Career Change Tips

career-changeHow often have you contemplated doing something entirely different than what you are doing right now? Before quitting your job, look at the bigger picture and the implications of making a change or not doing so. Will you be proactive or just let things slide and continue? What’s really at stake? Let’s examine a more systematic approach to finding answers that work for you.

1. Look at the issues that make you crave change and outline your goals.
What are you satisfied with about your current situation? What are you dissatisfied with? Is it your boss or the culture of your organization? Or do you really want to change careers? Outline your goals- for example, more money, more time off or more flexibility. Write it all down.

2. Work to understand your inner critic.
Observe thoughts that trap you with fear and prevent you from achieving your objectives. Write these down on a piece of paper, then crumple it up and throw it away to symbolize your freedom from thoughts that interfere with your goals and dreams.

3. Recognize recurring patterns in your life.
What makes you happy? What are your recurring interests and social needs? What makes a work environment feel good or not so good to you? Write it down.

4. Network and investigate career interests that map to your goals and needs.
Once you’ve identified your patterns and desires, start thinking about careers that make sense for you. Give yourself one to three months to explore your curiosity by finding people who do these jobs and talking about the pros and cons of their work. Explore anything and everything until you’re satisfied — or until your time runs out.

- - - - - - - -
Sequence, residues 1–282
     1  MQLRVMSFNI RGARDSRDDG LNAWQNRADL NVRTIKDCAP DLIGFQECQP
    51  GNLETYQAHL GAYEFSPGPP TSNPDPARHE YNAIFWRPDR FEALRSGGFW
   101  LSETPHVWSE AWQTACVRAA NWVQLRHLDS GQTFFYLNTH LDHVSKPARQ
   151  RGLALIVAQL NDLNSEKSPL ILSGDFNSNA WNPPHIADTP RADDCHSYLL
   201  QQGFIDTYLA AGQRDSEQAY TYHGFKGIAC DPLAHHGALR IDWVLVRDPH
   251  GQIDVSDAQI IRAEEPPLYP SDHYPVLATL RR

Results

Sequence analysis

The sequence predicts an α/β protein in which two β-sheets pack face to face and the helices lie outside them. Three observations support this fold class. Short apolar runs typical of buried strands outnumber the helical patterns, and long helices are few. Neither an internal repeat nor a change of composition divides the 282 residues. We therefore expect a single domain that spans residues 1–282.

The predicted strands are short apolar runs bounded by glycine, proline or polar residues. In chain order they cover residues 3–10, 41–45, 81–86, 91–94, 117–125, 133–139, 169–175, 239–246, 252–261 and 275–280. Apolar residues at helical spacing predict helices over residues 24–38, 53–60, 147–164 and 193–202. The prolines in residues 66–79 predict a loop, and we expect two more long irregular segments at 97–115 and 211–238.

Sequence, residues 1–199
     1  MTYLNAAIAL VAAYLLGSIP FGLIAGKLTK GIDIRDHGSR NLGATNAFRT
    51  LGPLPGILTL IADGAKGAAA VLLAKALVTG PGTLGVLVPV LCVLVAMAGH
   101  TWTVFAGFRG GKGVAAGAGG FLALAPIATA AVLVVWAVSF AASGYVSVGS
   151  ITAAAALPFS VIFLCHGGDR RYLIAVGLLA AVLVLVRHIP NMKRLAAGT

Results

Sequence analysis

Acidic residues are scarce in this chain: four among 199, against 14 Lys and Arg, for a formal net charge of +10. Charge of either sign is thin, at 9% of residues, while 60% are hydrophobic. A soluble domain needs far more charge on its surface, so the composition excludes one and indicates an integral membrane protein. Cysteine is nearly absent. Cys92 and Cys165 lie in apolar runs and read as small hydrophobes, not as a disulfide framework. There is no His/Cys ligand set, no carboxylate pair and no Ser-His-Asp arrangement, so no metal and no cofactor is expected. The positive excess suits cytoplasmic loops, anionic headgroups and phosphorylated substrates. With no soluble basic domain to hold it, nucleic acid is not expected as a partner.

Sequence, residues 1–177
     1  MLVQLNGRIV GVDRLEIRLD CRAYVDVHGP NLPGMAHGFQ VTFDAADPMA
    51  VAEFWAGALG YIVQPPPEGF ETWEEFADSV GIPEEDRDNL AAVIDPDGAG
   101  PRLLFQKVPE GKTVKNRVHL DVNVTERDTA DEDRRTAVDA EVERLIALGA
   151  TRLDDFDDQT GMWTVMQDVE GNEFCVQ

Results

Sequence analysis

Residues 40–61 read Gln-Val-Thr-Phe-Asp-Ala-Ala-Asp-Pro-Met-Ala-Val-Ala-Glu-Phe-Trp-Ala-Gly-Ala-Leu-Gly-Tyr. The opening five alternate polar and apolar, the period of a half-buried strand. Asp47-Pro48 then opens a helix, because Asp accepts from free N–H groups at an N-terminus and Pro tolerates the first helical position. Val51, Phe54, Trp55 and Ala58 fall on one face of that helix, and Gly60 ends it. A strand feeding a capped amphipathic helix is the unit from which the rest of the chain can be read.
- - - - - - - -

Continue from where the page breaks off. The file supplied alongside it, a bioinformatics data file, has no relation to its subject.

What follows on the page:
5. Make a plan that takes your financial situation into account.
Change is never simple, but having a plan that outlines your steps and financial requirements makes it doable. Will your new career require additional education, a small business loan, time off from work or relocation? Make a plan with financial considerations and a realistic timeline that you can follow through on.

©MWeisner2015

Take the Stairs to Achieve Success

stairway to successIs it willpower or discipline, and does it really matter? How decisive am I on a daily basis only to have to modify my plan before I even get started? According to Rory Vaden, author of Take the Stairs: 7 Steps to Achieving True Success, choosing to take the escalator over a flight of stairs is a deeper indicator of how you operate overall and may be quite telling. When you select the easier shortcut of stepping on those moving stairs, is it really about getting to another floor more quickly or is it a statement about how you function in other parts of your life? He calls this the “escalator mentality” and it may be emblematic of avoiding the more challenging effort of full engagement in a given activity.